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Umbra on biodegradable products

Dearest Umbra, With biodegradable corn-plastic products like clothes hangers, credit cards, and trash bags, we are led to believe there are good alternatives to plastic that can be thrown out guilt-free. But doesn't all trash get put in landfills that are then hermetically sealed to prevent the bad contaminants from leaching out, but hold in the things that would have been composting otherwise? I thought that was the reason to compost organic matter: to reduce anaerobic digestion in a landfill that causes methane production. So what's the deal with alternative plastics? Is it a scam? Should it be put out …

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An observation on the offset debate

Many offset critics appear to be shadowboxing

I've been watching the public debate over carbon offsets out of the corner of my eye for some time, and have formed a general impression, which I would like at long last to get off my chest. Offset critics often strike a moralistic tone, comparing offsets to medieval "indulgences." Let's be clear: That rhetorical gimmick makes no damn sense whatsoever. If there really were such a thing as sin, and there was a finite amount of it in the world, and it was the aggregate amount of sin that mattered rather than any individual's contribution, and indulgences really did reduce …

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A few random climate thoughts

Climate skeptics lose even more credibility

The first half of 2007 is the warmest Jan-June period on record, +0.79°C above the long-term average (from NASA GISS data, via QuarkSoup.net). For those who question the consensus on climate change, see the collection of proconsensus statements at Logical Science (hat tip: Michael Tobis). Just recently, my department (the Dept. of Atmospheric Sciences at Texas A&M University) unanimously adopted a statement endorsing the primary conclusions of the IPCC reports. See the statement here. In the scientific community, virtually no one believes that solar variations are the dominant driver of climate over the last few decades. However, among skeptics, this …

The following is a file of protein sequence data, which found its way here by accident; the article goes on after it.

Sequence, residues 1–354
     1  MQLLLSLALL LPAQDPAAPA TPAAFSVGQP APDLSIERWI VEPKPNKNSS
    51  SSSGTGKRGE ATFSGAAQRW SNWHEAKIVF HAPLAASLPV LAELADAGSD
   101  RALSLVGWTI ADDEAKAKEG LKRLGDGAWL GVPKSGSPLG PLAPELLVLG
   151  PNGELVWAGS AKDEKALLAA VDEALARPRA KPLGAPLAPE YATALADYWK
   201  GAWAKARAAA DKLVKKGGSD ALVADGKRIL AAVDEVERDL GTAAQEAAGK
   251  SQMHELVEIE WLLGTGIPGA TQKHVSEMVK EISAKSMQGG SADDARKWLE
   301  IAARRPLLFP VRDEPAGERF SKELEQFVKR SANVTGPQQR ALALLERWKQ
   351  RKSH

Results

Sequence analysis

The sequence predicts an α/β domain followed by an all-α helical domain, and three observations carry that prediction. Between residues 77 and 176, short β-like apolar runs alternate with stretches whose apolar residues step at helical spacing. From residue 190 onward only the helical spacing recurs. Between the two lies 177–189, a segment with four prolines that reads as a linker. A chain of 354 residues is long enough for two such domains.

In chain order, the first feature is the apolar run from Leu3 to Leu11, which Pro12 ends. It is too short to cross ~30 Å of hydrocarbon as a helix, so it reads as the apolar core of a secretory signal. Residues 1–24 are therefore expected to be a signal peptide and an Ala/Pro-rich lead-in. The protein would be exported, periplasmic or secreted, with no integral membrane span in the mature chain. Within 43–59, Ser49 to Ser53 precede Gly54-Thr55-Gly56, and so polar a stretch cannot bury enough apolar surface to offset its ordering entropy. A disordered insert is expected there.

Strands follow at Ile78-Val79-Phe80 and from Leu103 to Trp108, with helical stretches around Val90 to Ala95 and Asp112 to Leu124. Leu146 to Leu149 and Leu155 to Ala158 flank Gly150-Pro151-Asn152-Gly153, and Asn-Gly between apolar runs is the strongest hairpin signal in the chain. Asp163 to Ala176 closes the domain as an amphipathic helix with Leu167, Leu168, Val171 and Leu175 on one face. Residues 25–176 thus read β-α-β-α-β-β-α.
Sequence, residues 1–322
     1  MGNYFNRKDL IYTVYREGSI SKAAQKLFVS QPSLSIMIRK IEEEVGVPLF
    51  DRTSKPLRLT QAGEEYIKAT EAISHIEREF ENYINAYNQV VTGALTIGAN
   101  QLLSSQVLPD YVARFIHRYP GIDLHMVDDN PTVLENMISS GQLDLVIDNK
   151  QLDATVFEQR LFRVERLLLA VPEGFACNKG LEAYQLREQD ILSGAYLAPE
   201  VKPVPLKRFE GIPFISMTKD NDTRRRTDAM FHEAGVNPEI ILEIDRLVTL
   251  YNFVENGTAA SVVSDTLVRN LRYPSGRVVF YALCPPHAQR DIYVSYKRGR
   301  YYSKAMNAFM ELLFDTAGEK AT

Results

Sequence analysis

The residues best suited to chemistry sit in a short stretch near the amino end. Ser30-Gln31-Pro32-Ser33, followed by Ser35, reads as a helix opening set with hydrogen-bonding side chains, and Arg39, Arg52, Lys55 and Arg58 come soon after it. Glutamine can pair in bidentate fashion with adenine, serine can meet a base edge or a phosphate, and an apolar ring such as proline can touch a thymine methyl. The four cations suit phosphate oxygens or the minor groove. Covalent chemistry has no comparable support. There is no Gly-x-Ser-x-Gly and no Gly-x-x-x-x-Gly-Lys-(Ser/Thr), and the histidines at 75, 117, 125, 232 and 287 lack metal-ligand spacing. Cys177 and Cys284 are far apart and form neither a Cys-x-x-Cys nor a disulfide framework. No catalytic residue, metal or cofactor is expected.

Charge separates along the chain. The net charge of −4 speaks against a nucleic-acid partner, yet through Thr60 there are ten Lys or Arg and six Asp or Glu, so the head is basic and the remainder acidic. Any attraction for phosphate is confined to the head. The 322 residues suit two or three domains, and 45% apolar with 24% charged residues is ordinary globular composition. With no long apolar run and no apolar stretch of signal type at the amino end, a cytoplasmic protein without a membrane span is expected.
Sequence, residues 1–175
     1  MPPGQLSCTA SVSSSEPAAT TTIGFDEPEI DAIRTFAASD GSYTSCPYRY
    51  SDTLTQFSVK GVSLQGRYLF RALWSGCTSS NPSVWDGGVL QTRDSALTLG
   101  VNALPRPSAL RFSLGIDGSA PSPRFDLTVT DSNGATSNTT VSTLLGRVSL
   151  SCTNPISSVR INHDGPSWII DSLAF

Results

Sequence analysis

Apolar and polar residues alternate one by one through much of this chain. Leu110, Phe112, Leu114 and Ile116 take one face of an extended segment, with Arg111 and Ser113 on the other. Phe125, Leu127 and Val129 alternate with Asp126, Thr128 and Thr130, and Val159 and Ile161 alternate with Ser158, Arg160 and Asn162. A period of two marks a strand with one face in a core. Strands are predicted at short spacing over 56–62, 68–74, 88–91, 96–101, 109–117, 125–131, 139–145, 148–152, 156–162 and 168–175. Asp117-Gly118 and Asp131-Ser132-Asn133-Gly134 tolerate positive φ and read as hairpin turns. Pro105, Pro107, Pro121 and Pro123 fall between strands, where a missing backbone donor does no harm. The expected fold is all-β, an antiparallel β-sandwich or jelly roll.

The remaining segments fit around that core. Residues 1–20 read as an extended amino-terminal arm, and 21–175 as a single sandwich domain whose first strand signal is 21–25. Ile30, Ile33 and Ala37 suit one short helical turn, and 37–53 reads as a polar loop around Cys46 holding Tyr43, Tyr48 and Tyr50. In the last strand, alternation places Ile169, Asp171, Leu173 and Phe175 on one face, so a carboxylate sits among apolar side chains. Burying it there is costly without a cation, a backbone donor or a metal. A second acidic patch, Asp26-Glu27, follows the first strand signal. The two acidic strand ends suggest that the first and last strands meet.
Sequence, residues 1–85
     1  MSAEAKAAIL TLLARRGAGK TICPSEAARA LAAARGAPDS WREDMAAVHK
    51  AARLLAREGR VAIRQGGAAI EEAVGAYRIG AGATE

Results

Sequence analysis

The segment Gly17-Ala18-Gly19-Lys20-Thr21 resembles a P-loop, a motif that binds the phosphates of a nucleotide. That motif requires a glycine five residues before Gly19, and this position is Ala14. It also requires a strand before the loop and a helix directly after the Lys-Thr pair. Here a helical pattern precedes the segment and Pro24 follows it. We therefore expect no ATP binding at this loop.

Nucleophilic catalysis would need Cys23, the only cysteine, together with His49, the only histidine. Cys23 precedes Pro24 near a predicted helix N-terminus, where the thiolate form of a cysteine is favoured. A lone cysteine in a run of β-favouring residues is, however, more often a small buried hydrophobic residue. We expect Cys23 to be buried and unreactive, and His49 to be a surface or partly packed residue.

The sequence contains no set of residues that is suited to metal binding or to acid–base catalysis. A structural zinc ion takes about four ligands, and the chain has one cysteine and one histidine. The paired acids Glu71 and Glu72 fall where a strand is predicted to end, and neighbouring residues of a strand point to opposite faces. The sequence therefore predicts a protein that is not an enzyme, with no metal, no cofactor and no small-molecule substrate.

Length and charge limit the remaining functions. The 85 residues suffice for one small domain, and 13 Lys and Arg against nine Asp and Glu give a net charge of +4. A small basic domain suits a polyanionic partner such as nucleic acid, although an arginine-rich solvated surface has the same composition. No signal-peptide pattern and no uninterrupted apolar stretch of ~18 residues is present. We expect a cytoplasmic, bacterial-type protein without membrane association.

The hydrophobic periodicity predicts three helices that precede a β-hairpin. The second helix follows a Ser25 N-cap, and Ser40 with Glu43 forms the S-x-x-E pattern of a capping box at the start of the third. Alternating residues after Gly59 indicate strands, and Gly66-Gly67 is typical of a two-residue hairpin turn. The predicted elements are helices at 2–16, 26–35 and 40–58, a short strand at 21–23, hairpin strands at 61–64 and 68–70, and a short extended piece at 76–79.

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It’s Not the Sun

Sun is not causing current global warming, researchers confirm Attention all ye who think the sun might be a primary cause of climate change, and all ye who know someone who thinks that: No. It's not the sun. Researchers have published a study of the last century of solar activity, finding that the sun's output has actually declined over the last 20 years. (And yes, they did brainy adjustments to account for variations and cycles and such.) "The sun did a U-turn around 1985, but the temperatures kept on rising," says English solar physicist Mike Lockwood. "Everything on the sun …

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Frankly, Madeira, We Don’t Want a Dam

Brazil gives go-ahead to controversial dams in Amazon Brazil has given the preliminary OK for two hydroelectric dams to be built on a major Amazon River tributary. Business leaders, who say the dams will provide much-needed energy, are impressed; greens, who see the project as a disaster waiting to happen, are depressed. Proponents say the Santo Antonio and Jirau dams could produce up to 10 percent of Brazil's current electricity demand when completed. Opponents point out that damming the Madeira River, home to one of the most diverse fish stocks in the world, will flood hundreds of square miles of …

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Crist Almighty